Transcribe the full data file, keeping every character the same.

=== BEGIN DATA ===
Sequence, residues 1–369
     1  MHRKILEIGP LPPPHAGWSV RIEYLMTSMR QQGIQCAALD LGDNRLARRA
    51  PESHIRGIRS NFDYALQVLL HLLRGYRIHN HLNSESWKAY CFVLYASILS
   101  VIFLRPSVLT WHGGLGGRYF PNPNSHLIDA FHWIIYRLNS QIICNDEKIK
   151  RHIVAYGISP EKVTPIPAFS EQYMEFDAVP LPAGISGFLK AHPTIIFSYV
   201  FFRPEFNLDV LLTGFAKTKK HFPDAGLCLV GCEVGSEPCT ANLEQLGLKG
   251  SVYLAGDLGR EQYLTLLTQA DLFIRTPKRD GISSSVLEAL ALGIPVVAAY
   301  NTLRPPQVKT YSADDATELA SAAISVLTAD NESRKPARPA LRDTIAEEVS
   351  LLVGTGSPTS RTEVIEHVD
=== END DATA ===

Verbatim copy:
Sequence, residues 1–369
     1  MHRKILEIGP LPPPHAGWSV RIEYLMTSMR QQGIQCAALD LGDNRLARRA
    51  PESHIRGIRS NFDYALQVLL HLLRGYRIHN HLNSESWKAY CFVLYASILS
   101  VIFLRPSVLT WHGGLGGRYF PNPNSHLIDA FHWIIYRLNS QIICNDEKIK
   151  RHIVAYGISP EKVTPIPAFS EQYMEFDAVP LPAGISGFLK AHPTIIFSYV
   201  FFRPEFNLDV LLTGFAKTKK HFPDAGLCLV GCEVGSEPCT ANLEQLGLKG
   251  SVYLAGDLGR EQYLTLLTQA DLFIRTPKRD GISSSVLEAL ALGIPVVAAY
   301  NTLRPPQVKT YSADDATELA SAAISVLTAD NESRKPARPA LRDTIAEEVS
   351  LLVGTGSPTS RTEVIEHVD